As of December 2015, the world's poorest countries are the Central African Republic, the Democratic Republic of Congo, Malawi, Liberia and Burundi. Each of these countries is in sub-Saharan Africa. In fact, the 13 poorest countries in the world all are in this region.
The wealth rankings listed here are based on each country's gross domestic product and its purchasing power parity ranking, which offers a comparison of the cost of living and standard of living across countries.
The sub-Saharan region has long been home to the world's poorest nations, mostly on account of its long-term political instability, poor agricultural conditions and geographic considerations, such as its harsh climate and land-locked geography.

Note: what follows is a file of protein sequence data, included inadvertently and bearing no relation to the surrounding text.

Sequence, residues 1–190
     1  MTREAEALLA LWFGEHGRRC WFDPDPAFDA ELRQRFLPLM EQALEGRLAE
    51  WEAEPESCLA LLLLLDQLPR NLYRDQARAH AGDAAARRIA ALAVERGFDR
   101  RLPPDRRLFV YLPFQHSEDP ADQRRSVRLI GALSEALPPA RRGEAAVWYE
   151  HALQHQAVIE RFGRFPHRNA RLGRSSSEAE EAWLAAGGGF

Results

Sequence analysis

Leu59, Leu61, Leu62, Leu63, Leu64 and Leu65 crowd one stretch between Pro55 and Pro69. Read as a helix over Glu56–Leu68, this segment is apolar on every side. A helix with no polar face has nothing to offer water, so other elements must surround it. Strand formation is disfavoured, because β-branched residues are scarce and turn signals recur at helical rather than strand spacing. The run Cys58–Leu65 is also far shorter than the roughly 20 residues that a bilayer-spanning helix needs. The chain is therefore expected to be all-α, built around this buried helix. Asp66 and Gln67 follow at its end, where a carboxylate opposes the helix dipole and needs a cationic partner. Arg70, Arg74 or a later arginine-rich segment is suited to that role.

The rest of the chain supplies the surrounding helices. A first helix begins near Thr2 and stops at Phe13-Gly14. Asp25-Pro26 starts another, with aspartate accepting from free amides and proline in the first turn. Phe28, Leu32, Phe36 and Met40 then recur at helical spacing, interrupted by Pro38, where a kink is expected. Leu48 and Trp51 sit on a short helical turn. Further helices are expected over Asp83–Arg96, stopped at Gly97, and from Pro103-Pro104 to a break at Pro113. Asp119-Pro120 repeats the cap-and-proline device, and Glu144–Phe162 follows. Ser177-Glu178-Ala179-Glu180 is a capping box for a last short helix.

These countries often deal with poor soil; a lack of natural resources, such as a scarcity of water, both for everyday living and as a means of transport; and common plagues of insects, such as tsetse flies and mosquitoes, both of which spread disease. Further, the populations of the countries are poorly educated, and most people live only at or below the subsistence level. Their circumstances make it very challenging to grow businesses or farms and to generate capital, all of which are needed to improve the wealth of the countries.